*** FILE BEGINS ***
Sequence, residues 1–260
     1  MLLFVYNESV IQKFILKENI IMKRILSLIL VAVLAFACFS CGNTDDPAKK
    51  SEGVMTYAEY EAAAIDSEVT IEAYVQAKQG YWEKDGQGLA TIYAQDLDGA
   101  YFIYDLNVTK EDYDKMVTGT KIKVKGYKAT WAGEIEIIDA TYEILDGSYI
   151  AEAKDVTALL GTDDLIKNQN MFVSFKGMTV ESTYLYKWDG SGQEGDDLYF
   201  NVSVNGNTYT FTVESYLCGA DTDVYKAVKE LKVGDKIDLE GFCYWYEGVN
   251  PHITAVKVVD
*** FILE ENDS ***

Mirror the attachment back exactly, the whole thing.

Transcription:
Sequence, residues 1–260
     1  MLLFVYNESV IQKFILKENI IMKRILSLIL VAVLAFACFS CGNTDDPAKK
    51  SEGVMTYAEY EAAAIDSEVT IEAYVQAKQG YWEKDGQGLA TIYAQDLDGA
   101  YFIYDLNVTK EDYDKMVTGT KIKVKGYKAT WAGEIEIIDA TYEILDGSYI
   151  AEAKDVTALL GTDDLIKNQN MFVSFKGMTV ESTYLYKWDG SGQEGDDLYF
   201  NVSVNGNTYT FTVESYLCGA DTDVYKAVKE LKVGDKIDLE GFCYWYEGVN
   251  PHITAVKVVD